“The only person you are destined to become is the person you decide to be.” ―Ralph Waldo Emerson
It is easy to list reasons why you can’t or don’t have the time or capacity to work on self-development. Here are a few you might have uttered yourself:
- “I don’t know where to go to get help.”
- “If I ask, I don’t think they will let me.”
- “I’m just too busy with work to write down my personal goals.”
- “I don’t have the confidence in myself.”
These are simply excuses so don’t forget:
“The aim of life is self-development. To realise one’s nature perfectly-that is what each of us is here for.” – Oscar Wilde
Things to Remember About Self-Development
Top tip #1: Be clear on what you want to improve.
The clearer and more precise you are to yourself about what it is you want to improve the easier it will be to set a goal. Sometimes, you may need to set a goal first to understand what it is you want to change or improve at. For example, rather than saying you want to know more about sales you could be more specific by saying you want to work on closing sales.
Top tip #2: Try to connect with other like-minded individuals.
Finding others who are working on the same self-development goals is a good way to hold yourself accountable e.g. agreeing to attend a course with them, and also push yourself to continue with your goals. Sharing common ground with others is good for staying motivated whilst also learning something you might not have found out going it solo.
Top tip #3: Read, read and read some more.
Improvement comes from knowledge and understanding, knowledge and understanding comes from books, or videos or podcasts. If sitting down with a book isn’t the right way to learn about something, then watch videos or listen to podcasts. Basically, take advantage of all the free media out there to find out who to have as a virtual mentor. Then set some time each day or at least 5 days a week (even just 10 minutes) to learn more about your specific topic.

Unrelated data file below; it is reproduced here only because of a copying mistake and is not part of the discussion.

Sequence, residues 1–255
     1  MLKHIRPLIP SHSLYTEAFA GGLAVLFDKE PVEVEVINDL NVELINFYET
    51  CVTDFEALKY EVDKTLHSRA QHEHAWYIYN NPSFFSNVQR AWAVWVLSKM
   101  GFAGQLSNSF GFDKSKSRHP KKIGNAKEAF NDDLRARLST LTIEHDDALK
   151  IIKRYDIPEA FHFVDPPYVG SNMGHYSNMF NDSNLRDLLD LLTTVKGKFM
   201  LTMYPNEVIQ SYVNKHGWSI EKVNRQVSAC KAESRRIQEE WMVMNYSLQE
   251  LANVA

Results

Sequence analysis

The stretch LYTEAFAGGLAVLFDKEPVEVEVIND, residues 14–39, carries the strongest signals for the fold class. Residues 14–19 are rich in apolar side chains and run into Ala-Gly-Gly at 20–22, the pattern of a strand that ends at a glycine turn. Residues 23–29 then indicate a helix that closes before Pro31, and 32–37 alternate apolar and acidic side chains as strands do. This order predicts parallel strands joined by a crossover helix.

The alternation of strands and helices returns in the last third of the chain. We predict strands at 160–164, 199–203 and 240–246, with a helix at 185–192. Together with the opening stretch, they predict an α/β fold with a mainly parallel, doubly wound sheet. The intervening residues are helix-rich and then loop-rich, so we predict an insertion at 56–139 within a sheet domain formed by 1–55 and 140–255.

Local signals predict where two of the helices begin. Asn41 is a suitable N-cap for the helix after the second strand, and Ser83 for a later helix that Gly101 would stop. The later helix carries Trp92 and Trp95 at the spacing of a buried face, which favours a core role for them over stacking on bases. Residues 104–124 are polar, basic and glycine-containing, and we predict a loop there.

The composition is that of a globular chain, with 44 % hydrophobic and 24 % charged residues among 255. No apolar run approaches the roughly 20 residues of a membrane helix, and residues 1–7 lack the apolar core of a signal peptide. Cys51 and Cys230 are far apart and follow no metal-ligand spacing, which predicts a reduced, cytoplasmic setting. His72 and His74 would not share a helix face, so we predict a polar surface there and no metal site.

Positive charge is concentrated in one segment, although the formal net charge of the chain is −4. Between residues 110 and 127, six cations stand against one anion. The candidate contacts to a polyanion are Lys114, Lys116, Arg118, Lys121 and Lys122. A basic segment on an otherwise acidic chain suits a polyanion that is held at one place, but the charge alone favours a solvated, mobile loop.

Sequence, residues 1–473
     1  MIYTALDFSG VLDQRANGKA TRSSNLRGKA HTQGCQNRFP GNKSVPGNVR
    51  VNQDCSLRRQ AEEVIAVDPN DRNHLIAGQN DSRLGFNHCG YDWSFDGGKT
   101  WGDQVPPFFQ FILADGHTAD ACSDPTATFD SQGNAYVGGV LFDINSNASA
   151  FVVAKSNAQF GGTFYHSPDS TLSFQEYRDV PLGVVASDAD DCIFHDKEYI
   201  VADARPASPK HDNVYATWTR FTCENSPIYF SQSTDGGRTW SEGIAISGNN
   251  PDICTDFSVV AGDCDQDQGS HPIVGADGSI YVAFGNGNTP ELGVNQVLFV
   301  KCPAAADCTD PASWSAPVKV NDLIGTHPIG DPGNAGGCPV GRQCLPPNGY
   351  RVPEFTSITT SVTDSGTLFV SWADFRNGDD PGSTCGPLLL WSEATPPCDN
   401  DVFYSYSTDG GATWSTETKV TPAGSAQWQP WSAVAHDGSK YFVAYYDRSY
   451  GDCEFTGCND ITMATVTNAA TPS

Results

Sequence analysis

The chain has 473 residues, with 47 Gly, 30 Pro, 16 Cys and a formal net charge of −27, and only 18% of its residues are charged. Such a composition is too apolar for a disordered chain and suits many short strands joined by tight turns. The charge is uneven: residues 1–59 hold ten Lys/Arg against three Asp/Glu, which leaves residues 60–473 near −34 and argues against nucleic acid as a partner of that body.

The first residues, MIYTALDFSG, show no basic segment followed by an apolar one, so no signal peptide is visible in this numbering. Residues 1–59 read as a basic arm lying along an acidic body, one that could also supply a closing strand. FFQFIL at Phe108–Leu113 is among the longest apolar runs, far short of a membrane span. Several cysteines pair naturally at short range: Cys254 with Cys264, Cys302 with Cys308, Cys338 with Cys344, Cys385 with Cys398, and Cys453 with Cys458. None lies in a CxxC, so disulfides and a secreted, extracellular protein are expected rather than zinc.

Top tip #4: Be resilient in creating good habits.
Deciding to make a change, setting self-development goals, telling someone else about them are all very good first baby steps towards enriching your knowledge and skillset but think about the highs and lows. You are likely to hit speed bumps along the way. What will you do to overcome these and stay true to your self-development? Will you use a reward/sanction system, or will you find a role model to look to for inspiration when you hit a grey patch?
Top tip #5: Measure your progress against your self-development goals.
An athlete runs a race with the finish line as the goal but in the longer-term they use the race times to compare against previous races to measure their progress. So is true with your self-development whether that is personal or professional. Being able to measure where they are at allows the athlete the foresight to know when to change factors under their control, e.g. coach, diet, running gear, training regime, etc. If you have a self-development goal of closing sales, you could measure the number of sales closed as a percentage over a period of time such as 3 months.
Why Should You Give Self-Development Priority?
Taking ownership of your self-development gives you a clear sense of direction personally and professionally making decision-making easier and helping you to prioritise what needs doing. Understanding where you are aiming to get to also provides great motivation to act towards your goals.
To help with your self-development come and join us in our great online community where you’ll be able to find others with similar self-development goals, post your goals on the newsfeed, join a Live Weekly Webinar, structured lessons and so much more. To find out more come and join The Sales Growth Club.